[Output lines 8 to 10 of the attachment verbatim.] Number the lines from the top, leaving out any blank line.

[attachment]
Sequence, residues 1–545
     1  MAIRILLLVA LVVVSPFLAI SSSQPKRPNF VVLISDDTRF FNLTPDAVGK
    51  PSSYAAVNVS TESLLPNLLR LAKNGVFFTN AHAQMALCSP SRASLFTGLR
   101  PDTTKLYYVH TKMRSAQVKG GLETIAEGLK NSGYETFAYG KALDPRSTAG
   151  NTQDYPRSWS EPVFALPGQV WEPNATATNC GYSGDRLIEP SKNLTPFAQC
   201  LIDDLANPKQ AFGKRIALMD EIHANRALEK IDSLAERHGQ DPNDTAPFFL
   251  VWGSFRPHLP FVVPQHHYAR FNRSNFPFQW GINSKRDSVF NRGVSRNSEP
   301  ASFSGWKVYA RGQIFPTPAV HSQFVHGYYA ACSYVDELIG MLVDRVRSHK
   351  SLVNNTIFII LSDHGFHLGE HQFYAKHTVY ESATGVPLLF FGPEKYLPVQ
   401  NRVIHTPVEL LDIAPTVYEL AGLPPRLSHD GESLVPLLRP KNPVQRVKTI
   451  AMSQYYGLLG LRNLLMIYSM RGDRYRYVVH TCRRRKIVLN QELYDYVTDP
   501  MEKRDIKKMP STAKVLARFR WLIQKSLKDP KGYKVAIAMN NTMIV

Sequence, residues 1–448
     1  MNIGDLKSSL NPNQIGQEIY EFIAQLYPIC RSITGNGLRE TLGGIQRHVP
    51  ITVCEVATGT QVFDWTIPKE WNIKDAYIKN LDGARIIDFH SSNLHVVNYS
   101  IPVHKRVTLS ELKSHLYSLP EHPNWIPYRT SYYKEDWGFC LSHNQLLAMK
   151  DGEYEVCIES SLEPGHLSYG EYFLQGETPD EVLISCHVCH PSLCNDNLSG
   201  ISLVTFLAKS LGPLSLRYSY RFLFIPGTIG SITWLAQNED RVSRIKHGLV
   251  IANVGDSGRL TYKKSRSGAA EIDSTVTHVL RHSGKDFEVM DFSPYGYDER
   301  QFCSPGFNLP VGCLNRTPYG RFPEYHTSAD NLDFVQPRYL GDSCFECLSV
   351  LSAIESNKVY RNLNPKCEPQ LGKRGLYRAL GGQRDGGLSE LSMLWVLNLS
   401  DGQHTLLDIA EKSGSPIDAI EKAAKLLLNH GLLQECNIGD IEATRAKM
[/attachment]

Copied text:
   301  ASFSGWKVYA RGQIFPTPAV HSQFVHGYYA ACSYVDELIG MLVDRVRSHK
   351  SLVNNTIFII LSDHGFHLGE HQFYAKHTVY ESATGVPLLF FGPEKYLPVQ
   401  NRVIHTPVEL LDIAPTVYEL AGLPPRLSHD GESLVPLLRP KNPVQRVKTI